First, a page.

I thought I’d share my story. I’m 31 years old. I drive a ’15 Volkswagen Golf Sportwagen. Nice little turbo with a stick. Back in college, I drove a ’96 Cherokee, white, Country edition, with the gray tweed seats and fake wood interior accents. Bought it from a mechanic for $4,000 after my ’88 Camry’s head gasket blew. Loved that Jeep. Drove it all over. It was with me for five summers while I was working as a cook and a lifeguard on Martha’s Vineyard. Most of the time the tires were left at 14 psi so I could throw it in 4-Lo and turn onto the beach. Lots of great memories. Lots of memories working on it too. Being of simple means, I had to figure out how to fix it myself most of the time. Really easy car to learn to work on. Big engine bay, cheap parts, and no lift necessary for oil changes. I ended up selling it to a friend after the radiator basically blew up. I still wish I had bucked up and replaced it.
Fast-forward almost a decade and I am two weeks into ownership of another Jeep. This time, it’s a second car, a weekend wagon. It’s a ’99 Wrangler TJ with a five-speed and 110,000 miles. Same 4.0L engine and same leaky radiator. I bought it off a young kid I work with for $500. Immediately dropped $2,000 on it to have a mechanic fix the intake and exhaust manifolds, radiator, leaky tire, and so on. Plus additional spend for jobs that I’m doing myself: fluids, serpentine belt, plugs, hoses, and so on. Everything that goes in there is Mopar or better. I am really polishing this old turd back to glory. It’s pretty exciting. Working on it and driving it takes me out of the cubicle and puts me back on the beach, so to speak. The Jeep had been neglected, so every time I change something out, there is a significant improvement to the way it runs and drives. With a new transfer case and diff fluid it rolls like a hot knife on butter. New plugs and it’s purring like a tiger. I can almost hear it thanking me implicitly after each job is completed.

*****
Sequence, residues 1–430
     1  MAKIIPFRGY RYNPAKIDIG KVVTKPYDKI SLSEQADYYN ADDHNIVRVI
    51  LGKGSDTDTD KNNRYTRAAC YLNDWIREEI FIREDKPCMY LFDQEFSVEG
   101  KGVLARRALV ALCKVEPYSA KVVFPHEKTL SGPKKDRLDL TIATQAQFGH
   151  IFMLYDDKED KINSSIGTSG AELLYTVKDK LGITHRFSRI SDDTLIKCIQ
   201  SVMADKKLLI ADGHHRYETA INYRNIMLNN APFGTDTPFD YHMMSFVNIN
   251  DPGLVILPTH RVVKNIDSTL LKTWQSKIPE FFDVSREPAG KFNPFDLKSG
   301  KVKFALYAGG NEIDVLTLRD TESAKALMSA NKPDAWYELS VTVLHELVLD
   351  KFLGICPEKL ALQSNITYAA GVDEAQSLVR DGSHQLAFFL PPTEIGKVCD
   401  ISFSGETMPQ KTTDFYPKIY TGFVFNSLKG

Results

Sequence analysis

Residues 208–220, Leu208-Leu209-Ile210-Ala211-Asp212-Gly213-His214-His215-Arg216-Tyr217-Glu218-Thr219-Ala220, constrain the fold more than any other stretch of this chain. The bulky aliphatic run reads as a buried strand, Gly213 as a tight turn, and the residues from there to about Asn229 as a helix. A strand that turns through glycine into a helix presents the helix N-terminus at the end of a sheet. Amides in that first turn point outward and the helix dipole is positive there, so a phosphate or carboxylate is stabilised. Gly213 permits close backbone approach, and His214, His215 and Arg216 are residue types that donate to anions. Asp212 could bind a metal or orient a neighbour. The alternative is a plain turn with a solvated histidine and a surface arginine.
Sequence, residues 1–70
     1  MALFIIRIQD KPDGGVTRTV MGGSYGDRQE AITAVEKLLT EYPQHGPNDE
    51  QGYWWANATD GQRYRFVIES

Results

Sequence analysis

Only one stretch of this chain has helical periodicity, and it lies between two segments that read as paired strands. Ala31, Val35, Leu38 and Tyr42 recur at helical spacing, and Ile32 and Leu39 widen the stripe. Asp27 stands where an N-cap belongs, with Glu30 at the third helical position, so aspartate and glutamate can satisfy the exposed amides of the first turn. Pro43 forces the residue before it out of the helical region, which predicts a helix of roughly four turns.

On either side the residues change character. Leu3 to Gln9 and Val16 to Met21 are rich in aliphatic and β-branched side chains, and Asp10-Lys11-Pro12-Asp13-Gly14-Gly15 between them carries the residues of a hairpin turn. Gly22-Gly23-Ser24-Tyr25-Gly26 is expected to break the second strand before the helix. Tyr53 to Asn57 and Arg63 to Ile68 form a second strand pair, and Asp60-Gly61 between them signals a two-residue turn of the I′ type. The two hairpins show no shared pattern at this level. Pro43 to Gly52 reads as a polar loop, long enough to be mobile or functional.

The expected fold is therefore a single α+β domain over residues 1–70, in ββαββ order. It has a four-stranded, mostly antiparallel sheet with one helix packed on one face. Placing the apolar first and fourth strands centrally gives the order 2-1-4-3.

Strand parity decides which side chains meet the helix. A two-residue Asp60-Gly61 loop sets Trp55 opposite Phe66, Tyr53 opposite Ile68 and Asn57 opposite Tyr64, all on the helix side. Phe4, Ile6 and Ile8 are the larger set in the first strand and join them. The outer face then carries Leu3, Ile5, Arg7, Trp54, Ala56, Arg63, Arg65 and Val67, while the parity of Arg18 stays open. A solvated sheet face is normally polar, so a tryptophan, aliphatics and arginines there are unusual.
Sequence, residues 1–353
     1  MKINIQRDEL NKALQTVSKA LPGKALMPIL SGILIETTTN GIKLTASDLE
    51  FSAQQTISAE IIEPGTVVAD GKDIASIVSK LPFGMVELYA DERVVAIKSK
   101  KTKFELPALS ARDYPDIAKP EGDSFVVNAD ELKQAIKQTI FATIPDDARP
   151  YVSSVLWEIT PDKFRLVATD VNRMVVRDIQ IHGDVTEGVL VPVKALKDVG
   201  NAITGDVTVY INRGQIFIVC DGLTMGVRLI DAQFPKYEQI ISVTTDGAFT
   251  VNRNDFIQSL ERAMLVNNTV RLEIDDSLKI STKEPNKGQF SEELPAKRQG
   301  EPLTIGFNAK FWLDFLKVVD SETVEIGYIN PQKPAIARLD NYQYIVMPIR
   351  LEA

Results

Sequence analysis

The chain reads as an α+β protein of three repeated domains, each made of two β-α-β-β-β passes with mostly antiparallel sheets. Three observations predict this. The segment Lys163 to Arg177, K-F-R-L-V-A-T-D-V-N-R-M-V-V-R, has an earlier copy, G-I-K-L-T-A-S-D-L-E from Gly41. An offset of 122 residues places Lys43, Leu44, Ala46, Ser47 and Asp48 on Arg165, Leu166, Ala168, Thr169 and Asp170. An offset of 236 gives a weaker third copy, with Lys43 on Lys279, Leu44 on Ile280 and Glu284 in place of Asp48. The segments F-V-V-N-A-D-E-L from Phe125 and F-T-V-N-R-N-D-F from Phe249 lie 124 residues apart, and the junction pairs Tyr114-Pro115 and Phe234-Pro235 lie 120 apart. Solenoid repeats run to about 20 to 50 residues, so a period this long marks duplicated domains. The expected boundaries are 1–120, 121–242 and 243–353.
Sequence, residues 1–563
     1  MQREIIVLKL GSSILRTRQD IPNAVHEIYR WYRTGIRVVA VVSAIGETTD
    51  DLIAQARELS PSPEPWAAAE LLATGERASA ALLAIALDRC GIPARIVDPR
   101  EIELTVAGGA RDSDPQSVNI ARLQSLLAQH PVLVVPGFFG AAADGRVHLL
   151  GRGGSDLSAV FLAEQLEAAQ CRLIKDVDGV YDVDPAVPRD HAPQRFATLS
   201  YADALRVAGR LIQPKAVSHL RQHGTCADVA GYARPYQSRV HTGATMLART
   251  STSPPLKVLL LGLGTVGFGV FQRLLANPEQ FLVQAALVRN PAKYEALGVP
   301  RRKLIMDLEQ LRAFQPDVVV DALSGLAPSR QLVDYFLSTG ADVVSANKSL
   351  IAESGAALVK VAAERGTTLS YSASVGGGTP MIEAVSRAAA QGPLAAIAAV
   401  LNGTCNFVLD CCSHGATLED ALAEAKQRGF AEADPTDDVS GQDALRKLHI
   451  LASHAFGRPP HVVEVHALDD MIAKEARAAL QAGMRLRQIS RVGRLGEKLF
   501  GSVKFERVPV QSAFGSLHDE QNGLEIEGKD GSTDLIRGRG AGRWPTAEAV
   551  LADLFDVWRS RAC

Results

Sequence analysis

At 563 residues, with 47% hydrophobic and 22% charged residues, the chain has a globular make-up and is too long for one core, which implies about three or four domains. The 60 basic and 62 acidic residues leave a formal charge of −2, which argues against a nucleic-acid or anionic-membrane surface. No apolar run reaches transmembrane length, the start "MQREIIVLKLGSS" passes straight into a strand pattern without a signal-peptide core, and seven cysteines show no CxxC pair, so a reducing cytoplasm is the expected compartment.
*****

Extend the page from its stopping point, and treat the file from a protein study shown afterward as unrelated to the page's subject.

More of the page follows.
I’m going to take a breather on spend for now and simply enjoy it. I’ve been driving it to work daily. Leaving the shiny, smooth-shifting German gentleman at home. I plan to take it out to the far corners of the beaches of the Cape and islands, do a little fishing and surfing with friends. Might end up keeping it through the summer and sell it for a small profit.
Anyway, I share your excitement about having an old 4x4 to mess around with! I say keep scratching that itch!
THOMAS JENKINS VIA EMAIL